Cognitive Behavioral Therapy Near Me
Cognitive behavioral therapy (CBT) is one of the most useful types of psychotherapy for the treatment of mental health disorders. CBT is a short-term therapy for treating many mental health issues, such as:
- Post Traumatic Stress Disorder (PTSD)
- Obsessive-compulsive disorder (OCD)
- Specific phobias
- Panic disorder
CBT is also very helpful in treating substance use disorder and other behavioral health issues. CBT can also be used for treating people who struggle with stress or daily life problems. CBT is a short-term model that is complete within 12-16 sessions. This is in contrast to talk therapy that can go on for years by delving deeply into past experiences.
The reason why so many mental health workers prefer using CBT is its track record for leading someone to real change. Many of the patterns people adopt are the result of disordered thoughts and feelings, and how we then respond to them.
Over time we create bad habits in regard to how we think and behave that later cause trouble in our lives. By teaching the person new healthy thought and behavior patterns, CBT can help replace the former negative habits.
The History of CBT
Dr. Aaron Beck shaped the CBT model in the 1960s while he studied depression. He found his own theories debunked by the results. He learned that patients with this mental health disorder expressed negative thoughts about their views of self and the world. He began working with the patients to help them change these thoughts. He would then help them create a more balanced response to the thoughts. He then found the patient would begin to change their thoughts and beliefs toward new healthy ones. They began to feel more upbeat and positive as a result of making these shifts.
How CBT Works
CBT helps us focus on making better thought and behavior connections in our daily lives. How often do we react to a trigger—something that provokes bad thoughts or feelings—and then act on it?
When this occurs the brain sets up a neural pathway that connects the trigger with the response. The brain then becomes hardwired to respond that way each time the trigger is present. When the pattern happens over and over, it can create distorted thought/behavior patterns.
Examples of this are thoughts like, “I will never get to sleep,” or “I am worthless.” These faulty beliefs can have a profound impact on the actions that follow them. It has been learned that false beliefs about oneself can lead to substance abuse. The action taken then further confirms the bad thoughts and the cycle repeats.
Cognitive Behavioral Therapy teaches the person to reframe the thoughts or feelings into healthy self talk. This can help shift the way someone responds to a trigger and prevent the bad outcome, such as substance use.
CBT works with the client to help them take note of self blame, guilt, shame, or negative thoughts. Once the person sees the trend they will know how those thoughts caused problems in their lives.
Changing these negative patterns takes time. But with practice and helpful guidance by a CBT therapist it is possible to make real changes in your life.
CBT is Not A One-Size-Fits-All Therapy
CBT therapists will make small shifts to the techniques used in treating each mental health or substance use problem. During that first meeting, the clinician will create treatment goals and a CBT plan just for that patient. The CBT plan that might be helpful for one patient may be quite different from a CBT plan for someone else.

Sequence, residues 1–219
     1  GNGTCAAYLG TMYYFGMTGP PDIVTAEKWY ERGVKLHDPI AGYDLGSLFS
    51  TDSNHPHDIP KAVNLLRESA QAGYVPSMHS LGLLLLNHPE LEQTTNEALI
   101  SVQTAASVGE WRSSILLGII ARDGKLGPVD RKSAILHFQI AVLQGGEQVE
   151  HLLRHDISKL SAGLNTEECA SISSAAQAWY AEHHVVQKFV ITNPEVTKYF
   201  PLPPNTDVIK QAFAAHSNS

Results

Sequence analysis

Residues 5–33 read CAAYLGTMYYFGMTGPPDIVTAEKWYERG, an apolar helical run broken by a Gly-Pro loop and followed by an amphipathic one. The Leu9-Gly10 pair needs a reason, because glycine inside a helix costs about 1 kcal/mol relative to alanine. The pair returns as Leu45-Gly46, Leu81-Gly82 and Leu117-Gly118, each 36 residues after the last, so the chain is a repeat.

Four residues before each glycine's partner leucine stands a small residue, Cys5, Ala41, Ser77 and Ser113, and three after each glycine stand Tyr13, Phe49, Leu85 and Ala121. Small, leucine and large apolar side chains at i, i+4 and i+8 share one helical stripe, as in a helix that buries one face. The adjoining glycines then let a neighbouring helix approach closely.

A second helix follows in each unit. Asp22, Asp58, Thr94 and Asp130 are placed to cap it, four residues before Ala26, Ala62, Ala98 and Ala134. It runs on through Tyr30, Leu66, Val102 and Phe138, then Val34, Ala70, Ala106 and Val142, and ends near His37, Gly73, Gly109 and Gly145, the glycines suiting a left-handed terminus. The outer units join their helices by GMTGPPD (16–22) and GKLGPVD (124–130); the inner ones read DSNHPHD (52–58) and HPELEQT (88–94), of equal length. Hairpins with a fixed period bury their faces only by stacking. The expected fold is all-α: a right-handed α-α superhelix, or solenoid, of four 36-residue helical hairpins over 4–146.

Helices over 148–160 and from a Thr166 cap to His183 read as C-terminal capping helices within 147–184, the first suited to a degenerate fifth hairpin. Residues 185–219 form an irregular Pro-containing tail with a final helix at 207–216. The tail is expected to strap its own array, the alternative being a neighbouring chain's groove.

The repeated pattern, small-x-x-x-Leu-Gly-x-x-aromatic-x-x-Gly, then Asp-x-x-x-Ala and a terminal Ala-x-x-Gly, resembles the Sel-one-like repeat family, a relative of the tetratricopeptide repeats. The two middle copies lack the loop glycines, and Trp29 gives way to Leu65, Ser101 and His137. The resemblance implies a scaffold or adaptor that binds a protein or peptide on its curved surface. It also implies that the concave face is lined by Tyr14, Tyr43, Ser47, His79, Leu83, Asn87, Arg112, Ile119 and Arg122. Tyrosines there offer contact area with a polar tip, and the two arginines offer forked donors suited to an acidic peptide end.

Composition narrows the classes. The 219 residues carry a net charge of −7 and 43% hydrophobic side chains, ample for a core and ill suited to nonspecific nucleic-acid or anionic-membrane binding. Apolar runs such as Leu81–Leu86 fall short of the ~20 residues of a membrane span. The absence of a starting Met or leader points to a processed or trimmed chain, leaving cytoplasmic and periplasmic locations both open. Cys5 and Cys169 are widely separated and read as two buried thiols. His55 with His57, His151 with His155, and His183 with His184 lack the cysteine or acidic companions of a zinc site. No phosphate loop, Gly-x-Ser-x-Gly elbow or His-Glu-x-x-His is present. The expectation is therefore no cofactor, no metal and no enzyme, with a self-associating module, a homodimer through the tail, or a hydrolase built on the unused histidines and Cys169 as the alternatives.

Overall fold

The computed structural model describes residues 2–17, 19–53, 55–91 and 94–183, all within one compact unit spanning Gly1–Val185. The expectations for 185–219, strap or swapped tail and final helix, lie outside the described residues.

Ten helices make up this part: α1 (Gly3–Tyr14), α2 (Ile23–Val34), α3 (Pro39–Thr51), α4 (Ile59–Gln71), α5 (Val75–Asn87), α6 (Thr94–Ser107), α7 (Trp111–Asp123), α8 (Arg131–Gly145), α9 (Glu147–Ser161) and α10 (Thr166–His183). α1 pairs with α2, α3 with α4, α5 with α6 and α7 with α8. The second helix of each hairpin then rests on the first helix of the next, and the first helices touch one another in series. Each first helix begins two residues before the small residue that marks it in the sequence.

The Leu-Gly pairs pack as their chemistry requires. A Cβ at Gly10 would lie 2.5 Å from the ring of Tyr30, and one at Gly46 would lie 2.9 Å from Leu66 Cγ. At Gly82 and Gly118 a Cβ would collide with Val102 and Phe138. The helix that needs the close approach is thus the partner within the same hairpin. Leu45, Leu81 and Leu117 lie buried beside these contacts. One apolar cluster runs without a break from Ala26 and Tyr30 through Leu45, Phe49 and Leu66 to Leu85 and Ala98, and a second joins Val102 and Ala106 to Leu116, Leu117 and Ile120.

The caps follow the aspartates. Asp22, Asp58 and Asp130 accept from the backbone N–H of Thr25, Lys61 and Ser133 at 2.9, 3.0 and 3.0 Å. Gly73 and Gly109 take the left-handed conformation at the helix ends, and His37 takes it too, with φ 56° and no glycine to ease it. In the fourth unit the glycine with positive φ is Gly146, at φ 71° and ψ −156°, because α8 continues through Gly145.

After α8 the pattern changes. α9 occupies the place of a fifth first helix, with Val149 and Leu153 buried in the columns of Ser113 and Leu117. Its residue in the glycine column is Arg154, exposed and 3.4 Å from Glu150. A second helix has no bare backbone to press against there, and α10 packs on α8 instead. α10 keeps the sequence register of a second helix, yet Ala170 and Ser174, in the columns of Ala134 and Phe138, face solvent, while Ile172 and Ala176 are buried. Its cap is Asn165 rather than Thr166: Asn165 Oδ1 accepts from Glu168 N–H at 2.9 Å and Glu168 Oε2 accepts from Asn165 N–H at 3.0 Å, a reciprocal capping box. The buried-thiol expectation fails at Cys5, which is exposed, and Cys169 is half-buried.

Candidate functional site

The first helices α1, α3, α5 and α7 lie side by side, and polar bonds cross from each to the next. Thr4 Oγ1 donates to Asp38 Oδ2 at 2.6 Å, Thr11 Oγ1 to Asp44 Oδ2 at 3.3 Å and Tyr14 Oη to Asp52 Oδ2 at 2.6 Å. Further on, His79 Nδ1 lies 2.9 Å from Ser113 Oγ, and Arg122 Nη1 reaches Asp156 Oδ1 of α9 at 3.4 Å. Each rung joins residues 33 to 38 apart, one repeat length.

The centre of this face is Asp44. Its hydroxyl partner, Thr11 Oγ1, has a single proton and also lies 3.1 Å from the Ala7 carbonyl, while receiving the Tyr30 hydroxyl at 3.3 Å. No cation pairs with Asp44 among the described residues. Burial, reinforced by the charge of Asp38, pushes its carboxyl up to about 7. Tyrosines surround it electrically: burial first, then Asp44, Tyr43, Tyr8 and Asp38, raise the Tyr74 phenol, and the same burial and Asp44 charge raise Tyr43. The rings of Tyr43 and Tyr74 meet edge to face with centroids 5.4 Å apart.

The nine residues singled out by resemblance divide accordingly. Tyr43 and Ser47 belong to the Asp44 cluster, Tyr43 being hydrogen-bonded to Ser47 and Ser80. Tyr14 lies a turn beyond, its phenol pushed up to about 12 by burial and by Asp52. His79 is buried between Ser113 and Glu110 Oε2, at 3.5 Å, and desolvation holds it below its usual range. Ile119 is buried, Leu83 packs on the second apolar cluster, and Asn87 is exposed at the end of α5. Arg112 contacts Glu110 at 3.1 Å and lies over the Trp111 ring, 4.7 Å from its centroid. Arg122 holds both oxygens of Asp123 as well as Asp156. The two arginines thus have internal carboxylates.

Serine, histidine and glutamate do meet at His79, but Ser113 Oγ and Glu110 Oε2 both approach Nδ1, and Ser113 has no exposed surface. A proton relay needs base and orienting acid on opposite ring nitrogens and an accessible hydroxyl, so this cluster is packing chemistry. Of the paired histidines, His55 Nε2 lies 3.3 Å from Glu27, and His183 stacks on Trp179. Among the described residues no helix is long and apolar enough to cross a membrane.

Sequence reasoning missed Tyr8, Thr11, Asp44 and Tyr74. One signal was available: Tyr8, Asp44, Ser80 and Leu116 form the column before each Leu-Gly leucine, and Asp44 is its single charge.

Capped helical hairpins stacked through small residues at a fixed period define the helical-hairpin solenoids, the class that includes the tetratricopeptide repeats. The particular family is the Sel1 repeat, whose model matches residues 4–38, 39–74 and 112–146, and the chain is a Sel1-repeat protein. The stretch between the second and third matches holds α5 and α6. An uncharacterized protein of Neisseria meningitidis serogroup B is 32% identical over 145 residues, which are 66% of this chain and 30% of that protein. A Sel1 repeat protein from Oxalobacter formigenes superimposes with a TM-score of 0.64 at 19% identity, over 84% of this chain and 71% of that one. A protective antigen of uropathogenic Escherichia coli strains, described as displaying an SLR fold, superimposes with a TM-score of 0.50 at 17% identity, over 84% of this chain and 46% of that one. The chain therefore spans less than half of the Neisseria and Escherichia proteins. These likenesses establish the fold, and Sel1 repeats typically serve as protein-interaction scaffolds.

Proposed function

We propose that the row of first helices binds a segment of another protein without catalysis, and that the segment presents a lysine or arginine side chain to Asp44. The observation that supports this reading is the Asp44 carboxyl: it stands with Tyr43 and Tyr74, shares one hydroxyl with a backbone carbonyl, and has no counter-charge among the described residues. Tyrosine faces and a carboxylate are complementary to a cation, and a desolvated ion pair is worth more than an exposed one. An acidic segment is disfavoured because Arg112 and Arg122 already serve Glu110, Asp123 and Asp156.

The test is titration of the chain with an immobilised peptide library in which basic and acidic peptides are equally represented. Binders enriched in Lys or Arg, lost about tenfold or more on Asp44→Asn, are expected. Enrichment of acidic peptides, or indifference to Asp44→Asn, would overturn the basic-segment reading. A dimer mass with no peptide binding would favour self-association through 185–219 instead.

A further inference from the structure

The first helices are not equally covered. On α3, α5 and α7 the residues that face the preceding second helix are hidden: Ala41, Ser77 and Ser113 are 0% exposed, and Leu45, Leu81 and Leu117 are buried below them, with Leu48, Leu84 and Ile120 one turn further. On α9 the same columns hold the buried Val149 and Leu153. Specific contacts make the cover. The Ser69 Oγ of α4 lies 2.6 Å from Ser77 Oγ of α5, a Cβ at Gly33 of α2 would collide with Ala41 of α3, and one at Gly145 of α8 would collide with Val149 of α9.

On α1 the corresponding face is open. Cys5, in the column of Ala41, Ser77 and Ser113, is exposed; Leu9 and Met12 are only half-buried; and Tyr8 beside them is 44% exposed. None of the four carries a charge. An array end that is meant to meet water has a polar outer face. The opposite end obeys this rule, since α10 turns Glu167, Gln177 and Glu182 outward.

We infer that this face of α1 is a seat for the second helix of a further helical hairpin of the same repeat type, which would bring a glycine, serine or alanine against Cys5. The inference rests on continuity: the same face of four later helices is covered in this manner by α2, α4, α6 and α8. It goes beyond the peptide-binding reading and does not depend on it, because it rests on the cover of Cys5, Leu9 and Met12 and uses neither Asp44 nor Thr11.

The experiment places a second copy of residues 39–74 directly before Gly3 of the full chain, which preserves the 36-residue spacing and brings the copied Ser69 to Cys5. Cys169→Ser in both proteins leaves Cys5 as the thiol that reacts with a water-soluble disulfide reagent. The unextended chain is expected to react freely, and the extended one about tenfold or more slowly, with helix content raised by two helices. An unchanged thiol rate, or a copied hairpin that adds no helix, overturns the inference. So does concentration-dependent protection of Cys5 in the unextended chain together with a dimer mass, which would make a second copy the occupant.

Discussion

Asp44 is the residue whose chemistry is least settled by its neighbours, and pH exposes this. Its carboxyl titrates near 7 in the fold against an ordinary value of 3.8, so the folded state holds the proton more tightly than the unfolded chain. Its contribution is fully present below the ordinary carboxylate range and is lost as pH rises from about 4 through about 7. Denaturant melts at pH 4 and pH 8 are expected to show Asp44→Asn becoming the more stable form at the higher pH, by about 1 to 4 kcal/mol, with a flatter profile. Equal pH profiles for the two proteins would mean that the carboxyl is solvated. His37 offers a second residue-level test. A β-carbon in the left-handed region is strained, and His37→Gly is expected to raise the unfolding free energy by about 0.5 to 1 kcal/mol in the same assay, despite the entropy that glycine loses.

In spite of the varied types of CBT plans for patients based on unique mental health problems, the main goal is the same. That goal will always focus on helping patients make healthy changes in their thoughts and actions. So for people with substance use disorder, CBT provides useful coping skills for battling the triggers. For someone with anxiety, CBT helps them respond in a new way to feelings of fear or worry.
Cognitive Behavioral Therapy helps the person to notice right away when they are thinking negative thoughts, and to quickly change the thought. They are taught how to shift the thought and behavior toward something constructive. CBT can be used in one on one talk therapy sessions or in group therapy formats.
This type of therapy is called an evidence-based therapy because its results have been studied and measured in a science based manner. A large body of research supports CBT as a useful tool in treating many mental health problems. These studies prove that shifting thoughts from harmful ones to helpful ones can improve how patients function.
Change Your Life with CBT
CBT is based on hard data that confirms its effectiveness for treating so many types of mental health issues. It is a widely accessed type of therapy. It has been embraced in both the mental health and substance abuse fields because it works. The fact that it is a short term therapy makes CBT very useful for rehab settings.
Instead of a long-term treatment journey delving into the persons childhood and past, stay focused on the present. CBT takes into account how a past trauma might affect the person’s present day issues, but doesn’t get stuck there. Instead, it’s focused on the matter at hand and provides a road map toward gaining a better quality of life.
While it takes time to work the new thought patterns into daily life, with practice these become healthy new habits. If you struggle with substance use, mental health issues, or eating, gambling, sex, or video gaming addictions, reach out to us. The Treatment Specialist provides guidance in finding CBT treatment programs. Reach out to The Treatment Specialist and begin to make positive changes in your life with CBT. Call (866) 644-7911 today.